Listen: Children's author and podcaster Kate Simpson chats to Katrina Roe
The story of Australian war nurse Alice Ross-King has all the ingredients of a Hollywood film: a young heart stolen by a dashing soldier; love lost on the battle field; courage in the face of bullets and bombs; and a deep faith in God that’s severely tested.
As Australia’s most-decorated female Anzac, serving in both World Wars, Alice has become the stuff of legend in documentaries and history books. But in the hands of her great-granddaughter, children’s author Kate Simpson, Alice’s story is now accessible to children, too – in her new book, Anzac Girl: The War Diaries of Alice Ross-King.
Speaking to Hope 103.2’s Katrina Roe, Kate said she grew up hearing tales of her great grandma, but never really understand the gravity of her achievements until she was an adult.
“I was told I had a war hero in the family and that she had stayed in a hospital with patients while the hospital was being bombed,” Kate said, “but I always imagined a hospital like I knew a hospital: a several-storey building with lino on the floor.
“I didn’t really understand until a miniseries came out on the ABC featuring my great grandmother around the centenary of Gallipoli… Suddenly you see these tents in the mud, and [the] bombs falling.”
Once Alice’s story came to life for Kate, she was compelled to share it with others, dipping into her great grandmother’s very personal wartime diaries to form the basis of the picture book.
The Adventure and the Horror
Alice’s diaries begin in 1914, when she sets sail for Cairo with a sense of adventure and patriotism – a sentiment shared by many young Australians at the start of World War I. At first there is the wonder of exploring a new land, and fun and laughter as the nurses socialise with the soldiers waiting to be deployed.
But a few days after the disaster at Gallipoli, when wounded soldiers begin arriving in Cairo for treatment, the reality and horror begins to sink in for Alice.
“There was a real turn in the tone of everything at that point,” Kate said. “They had hundreds of people coming in, they didn’t have beds for them, they had to turn an ice-skating rink at the local amusement park into this makeshift hospital, and they were just completely overwhelmed. And that’s the first real moment of shock in her diaries.”
Love and Heartache
Although Alice had some light-hearted flirtations with soldiers in Cairo, it was when she met Harry that she really fell in love and her diary entries take on “a completely different tone” – with entires like, “I know that this is the great big love at last”.
Kate’s diary entry of March 15, 1916, is wistful:
Harry and I tried to meet before the first Australian General Hospital moved to France. We sat on the balcony at Shepherd’s Hotel and talked about the future. There was a wonderful sunset. A beautiful apricot glow. Harry said: ‘When we are married, I’ll give you a dress that colour.’ He caught the 8pm train to the canal and I have not seen him since.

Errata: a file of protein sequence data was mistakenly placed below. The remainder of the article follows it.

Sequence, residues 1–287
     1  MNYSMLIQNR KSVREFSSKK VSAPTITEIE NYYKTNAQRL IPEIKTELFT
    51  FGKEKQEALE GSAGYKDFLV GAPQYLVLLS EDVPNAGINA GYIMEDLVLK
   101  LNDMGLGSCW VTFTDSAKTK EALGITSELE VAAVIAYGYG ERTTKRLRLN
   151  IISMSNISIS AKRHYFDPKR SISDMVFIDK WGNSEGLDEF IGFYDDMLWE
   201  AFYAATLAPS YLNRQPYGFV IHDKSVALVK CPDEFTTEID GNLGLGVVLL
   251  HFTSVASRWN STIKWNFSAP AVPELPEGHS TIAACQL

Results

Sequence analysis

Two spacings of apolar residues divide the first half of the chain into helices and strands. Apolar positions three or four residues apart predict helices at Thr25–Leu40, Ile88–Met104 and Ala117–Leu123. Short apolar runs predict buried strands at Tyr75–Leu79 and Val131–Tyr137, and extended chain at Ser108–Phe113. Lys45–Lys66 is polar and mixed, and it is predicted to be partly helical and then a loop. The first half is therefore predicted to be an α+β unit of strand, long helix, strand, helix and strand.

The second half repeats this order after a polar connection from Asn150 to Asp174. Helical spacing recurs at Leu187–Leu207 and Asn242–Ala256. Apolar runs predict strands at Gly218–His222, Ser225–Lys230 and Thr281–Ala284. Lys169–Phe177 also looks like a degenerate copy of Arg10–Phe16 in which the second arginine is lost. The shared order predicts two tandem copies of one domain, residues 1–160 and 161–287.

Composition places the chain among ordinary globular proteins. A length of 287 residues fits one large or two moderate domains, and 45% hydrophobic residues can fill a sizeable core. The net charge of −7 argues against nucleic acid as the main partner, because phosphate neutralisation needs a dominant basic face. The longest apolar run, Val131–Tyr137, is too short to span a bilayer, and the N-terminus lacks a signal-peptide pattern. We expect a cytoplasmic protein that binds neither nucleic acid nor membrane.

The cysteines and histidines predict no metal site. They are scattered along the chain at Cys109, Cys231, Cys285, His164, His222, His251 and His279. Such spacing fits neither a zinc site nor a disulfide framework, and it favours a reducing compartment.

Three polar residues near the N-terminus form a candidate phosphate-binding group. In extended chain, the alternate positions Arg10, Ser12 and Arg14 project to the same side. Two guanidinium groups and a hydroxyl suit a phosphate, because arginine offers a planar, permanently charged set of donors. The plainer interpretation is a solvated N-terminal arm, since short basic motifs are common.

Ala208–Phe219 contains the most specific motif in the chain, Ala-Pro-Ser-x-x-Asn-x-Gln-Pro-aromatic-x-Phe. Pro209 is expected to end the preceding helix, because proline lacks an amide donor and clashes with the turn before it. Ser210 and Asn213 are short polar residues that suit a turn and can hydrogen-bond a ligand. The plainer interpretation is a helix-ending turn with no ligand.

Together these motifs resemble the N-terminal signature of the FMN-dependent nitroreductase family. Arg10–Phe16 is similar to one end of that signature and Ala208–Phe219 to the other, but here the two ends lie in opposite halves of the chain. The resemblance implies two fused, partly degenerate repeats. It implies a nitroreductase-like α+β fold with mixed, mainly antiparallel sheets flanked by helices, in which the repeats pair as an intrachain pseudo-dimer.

And on April 23, 1916:
One big thing shines out of the day’s events. A letter from Harry. Four of them. My love is deep and intense – his is evidently the same for me. Oh love of my heart, it seems impossible to live away from you.
On July 17, Alice distracts herself with hard, thankless work:
More very heavy work. Spinal and head cases and a lot of fractures. Large evacuations. Only left the ward for half hour all day. One of the patients struck me today. I was doing a dressing, he was very nervous. When I pulled off some wool that was stuck to the hairs of his leg he screamed and turned on me like a rat, and with his hard knuckles gave me a terrific punch.
Sadly, two days later Harry – despite surviving Gallipoli – dies in the battle of Fromelles in France. Alice is shattered:
July 29: I have kept on duty but God only knows how I have done so. Everyone has been most kind to me. Oh my dear, dear love. What am I to do?
August 4: I expect I must pick up my life again and go on. I do not know how to face the lifeless future though. I feel Harry’s presence constantly with me and my love is growing stronger and deeper even since his death.
For Kate, learning and writing about the place Harry held in her great grandmother’s heart has brought up mixed feelings:
“It’s an interesting feeling as her great granddaughter, because in fact she went on and married another man who’s my great grandfather – so I have kind of conflicting emotions with this whole thing,” she said. “It’s such a beautiful love story and so tragic that it was cut short, and it was strange for me to read it with another man in the picture… it’s a very intimate insight that you often don’t get into your family life.”
A Faith That’s Tested
Kate says Alice had a deep Christian faith, and in fact during the war she experienced a renewal of that faith—but struggled to reconcile the horrors of war with her beliefs.
“Towards the back end of the war you can see from her diaries how deeply shaken she was,” said Kate. “The Germans on their belt buckle had in German, ‘Gott mit uns’, which means ‘God is with us’. And seeing them come in with that, when her Padre, the chaplain, was telling her that God was on their side, and that right was going to prevail, she just found that so difficult to deal with.”
For her dedication and service Alice received many decorations, including the Military Medal for courage under fire, and the Florence Nightingale Medal from the International Red Cross.
Anzac Girl is out now, and is published by Allen and Unwin.